Sleeping With The TV On Could Make You Gain Weight

Women exposed to artificial light at night were more likely to gain weight

Women exposed to artificial light at night were more likely to gain weight

The researchers, from the National Institute of Environmental Health Sciences in the U.S., followed 43,722 women aged between 35 and 74 years old, over a period of at least five years. They were also about 30% more likely to become obese.

So do you need to kick the habit and cut the lights?

The study analyzed the sleeping habits of almost 44,000 women in the United States.

The research team used questionnaire data from 43,722 women in the Sister Study, a cohort study that examines risk factors for breast cancer and other diseases.

Getting enough quality sleep every night is a tip at the top of any healthy living checklist, and lack of sleep has indeed been associated with a variety of conditions including obesity. "It seems reasonable to advise people not to sleep with lights on", Park and Sandler said. Women who slept with a mask on or reported no light while sleeping were classified as experiencing no artificial light exposure.

One limitation of the study is that researchers relied on women to report their own height and weight.

- Women who sleep with the television on or with the presence of other artificial light during the night may be at higher risk of weight gain or developing obesity, according to a group of researchers at the National Institutes of Health. According to a new study, this could be the reason why you're gaining weight.

The researchers found that women who slept with a slept with a light or television on in the same room were 17% more likely to gain 5kg or more over the next five years.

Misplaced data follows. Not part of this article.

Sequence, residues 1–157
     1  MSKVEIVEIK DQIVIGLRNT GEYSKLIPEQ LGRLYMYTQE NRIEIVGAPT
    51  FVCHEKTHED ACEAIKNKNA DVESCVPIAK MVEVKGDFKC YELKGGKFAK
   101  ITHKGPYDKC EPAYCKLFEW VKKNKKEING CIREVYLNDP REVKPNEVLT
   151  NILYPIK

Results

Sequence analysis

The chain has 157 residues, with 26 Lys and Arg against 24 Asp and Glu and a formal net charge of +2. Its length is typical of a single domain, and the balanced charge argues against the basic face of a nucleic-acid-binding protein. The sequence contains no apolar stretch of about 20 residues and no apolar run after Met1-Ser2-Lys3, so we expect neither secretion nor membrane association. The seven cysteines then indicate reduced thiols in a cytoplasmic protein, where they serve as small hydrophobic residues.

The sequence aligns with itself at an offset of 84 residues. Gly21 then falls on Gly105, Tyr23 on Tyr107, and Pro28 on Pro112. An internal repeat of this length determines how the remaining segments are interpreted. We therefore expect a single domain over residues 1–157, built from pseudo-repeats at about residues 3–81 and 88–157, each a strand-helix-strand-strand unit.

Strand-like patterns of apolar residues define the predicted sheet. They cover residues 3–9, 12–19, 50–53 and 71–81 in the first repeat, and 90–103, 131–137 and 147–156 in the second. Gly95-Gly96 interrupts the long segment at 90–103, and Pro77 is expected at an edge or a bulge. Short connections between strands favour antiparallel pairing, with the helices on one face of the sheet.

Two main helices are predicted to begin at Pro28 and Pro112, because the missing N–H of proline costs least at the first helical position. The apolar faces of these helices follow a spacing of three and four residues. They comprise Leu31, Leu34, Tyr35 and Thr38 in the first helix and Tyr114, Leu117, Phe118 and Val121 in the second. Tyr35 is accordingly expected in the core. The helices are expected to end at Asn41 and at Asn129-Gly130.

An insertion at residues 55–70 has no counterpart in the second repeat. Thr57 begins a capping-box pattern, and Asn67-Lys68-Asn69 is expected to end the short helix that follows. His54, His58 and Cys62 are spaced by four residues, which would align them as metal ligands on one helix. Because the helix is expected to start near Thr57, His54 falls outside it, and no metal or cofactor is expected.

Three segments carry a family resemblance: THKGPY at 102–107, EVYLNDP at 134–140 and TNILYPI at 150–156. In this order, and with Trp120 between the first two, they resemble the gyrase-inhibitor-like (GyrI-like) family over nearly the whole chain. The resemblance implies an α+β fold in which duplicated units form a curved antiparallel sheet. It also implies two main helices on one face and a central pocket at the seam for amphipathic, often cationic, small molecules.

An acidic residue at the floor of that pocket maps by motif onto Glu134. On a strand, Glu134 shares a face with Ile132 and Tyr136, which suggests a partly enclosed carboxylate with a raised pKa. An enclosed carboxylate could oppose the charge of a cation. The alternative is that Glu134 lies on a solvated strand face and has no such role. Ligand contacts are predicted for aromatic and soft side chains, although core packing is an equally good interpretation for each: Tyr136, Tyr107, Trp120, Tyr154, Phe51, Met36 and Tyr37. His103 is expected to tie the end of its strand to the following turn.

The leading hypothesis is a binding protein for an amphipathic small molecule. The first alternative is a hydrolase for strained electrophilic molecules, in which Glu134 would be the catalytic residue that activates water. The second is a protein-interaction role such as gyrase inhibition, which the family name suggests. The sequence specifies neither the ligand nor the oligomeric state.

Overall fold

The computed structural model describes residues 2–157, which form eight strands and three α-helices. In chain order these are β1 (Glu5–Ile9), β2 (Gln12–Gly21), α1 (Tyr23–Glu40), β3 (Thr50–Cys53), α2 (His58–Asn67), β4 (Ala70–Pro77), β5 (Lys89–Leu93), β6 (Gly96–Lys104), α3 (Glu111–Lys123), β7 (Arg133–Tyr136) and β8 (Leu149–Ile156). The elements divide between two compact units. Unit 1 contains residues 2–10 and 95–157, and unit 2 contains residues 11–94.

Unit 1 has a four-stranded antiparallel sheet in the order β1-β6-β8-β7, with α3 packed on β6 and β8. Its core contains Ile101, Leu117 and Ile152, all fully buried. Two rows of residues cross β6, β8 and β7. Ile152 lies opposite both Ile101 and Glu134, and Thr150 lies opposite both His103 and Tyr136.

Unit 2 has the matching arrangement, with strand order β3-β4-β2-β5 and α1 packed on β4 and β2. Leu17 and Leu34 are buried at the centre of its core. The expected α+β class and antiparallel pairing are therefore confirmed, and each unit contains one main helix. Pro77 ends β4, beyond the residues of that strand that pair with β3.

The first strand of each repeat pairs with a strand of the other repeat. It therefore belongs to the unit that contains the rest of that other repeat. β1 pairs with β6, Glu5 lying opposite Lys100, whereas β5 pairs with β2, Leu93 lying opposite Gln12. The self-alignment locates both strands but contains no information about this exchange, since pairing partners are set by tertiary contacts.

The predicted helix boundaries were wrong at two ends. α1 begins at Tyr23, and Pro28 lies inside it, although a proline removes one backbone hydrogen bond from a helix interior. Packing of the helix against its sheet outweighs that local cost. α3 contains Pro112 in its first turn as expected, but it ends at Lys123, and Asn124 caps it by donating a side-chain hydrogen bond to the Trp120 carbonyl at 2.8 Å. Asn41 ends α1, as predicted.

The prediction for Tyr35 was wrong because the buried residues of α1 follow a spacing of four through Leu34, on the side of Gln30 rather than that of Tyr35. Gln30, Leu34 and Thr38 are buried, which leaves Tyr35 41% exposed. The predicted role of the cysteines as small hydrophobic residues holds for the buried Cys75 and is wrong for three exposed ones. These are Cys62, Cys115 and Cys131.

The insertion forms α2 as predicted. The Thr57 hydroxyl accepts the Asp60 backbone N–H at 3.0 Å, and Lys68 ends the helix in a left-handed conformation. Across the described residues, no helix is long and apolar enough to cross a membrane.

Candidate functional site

Scientists in the United States have found that sleeping with artificial light at night is linked with weight gain in women, and turning off lights at bedtime may reduce their chances of becoming obese.

Poor sleep as a standalone factor has been proven to be associated with obesity and weight gain, but Dale Sandler, Ph.D. and a co-author of the research, said, "it does not explain the associations between artificial light exposure during sleep and weight gain".

Commenting on the paper, Malcolm von Schantz, a professor of Chronobiology at the University of Surrey in Britain said: "What is novel with this paper is that it is a longitudinal study comparing the weight of the same individuals at baseline and more than five years later".

"Even with the lights off, our bedrooms are often aglow at night from luminous clocks, light-emitting diodes from electronic devices, and outside lighting that seeps through porous curtains and shades", Gangwisch said. "We know from experimental studies in people that light at night affects our metabolism in ways that are consistent with increased risk of metabolic syndrome", he said.

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